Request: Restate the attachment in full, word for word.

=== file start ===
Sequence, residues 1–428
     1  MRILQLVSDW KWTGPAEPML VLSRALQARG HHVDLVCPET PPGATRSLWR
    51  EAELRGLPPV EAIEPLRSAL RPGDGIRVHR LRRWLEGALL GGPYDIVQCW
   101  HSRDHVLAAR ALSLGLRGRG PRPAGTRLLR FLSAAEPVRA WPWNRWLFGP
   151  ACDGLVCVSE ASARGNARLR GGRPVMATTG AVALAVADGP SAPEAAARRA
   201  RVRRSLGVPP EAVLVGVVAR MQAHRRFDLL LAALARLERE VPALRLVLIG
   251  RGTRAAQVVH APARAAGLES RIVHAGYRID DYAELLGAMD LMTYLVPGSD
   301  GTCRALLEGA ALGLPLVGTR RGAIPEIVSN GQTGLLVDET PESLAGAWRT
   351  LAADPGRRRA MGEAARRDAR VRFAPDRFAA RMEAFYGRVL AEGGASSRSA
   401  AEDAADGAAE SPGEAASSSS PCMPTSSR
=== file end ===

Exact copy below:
Sequence, residues 1–428
     1  MRILQLVSDW KWTGPAEPML VLSRALQARG HHVDLVCPET PPGATRSLWR
    51  EAELRGLPPV EAIEPLRSAL RPGDGIRVHR LRRWLEGALL GGPYDIVQCW
   101  HSRDHVLAAR ALSLGLRGRG PRPAGTRLLR FLSAAEPVRA WPWNRWLFGP
   151  ACDGLVCVSE ASARGNARLR GGRPVMATTG AVALAVADGP SAPEAAARRA
   201  RVRRSLGVPP EAVLVGVVAR MQAHRRFDLL LAALARLERE VPALRLVLIG
   251  RGTRAAQVVH APARAAGLES RIVHAGYRID DYAELLGAMD LMTYLVPGSD
   301  GTCRALLEGA ALGLPLVGTR RGAIPEIVSN GQTGLLVDET PESLAGAWRT
   351  LAADPGRRRA MGEAARRDAR VRFAPDRFAA RMEAFYGRVL AEGGASSRSA
   401  AEDAADGAAE SPGEAASSSS PCMPTSSR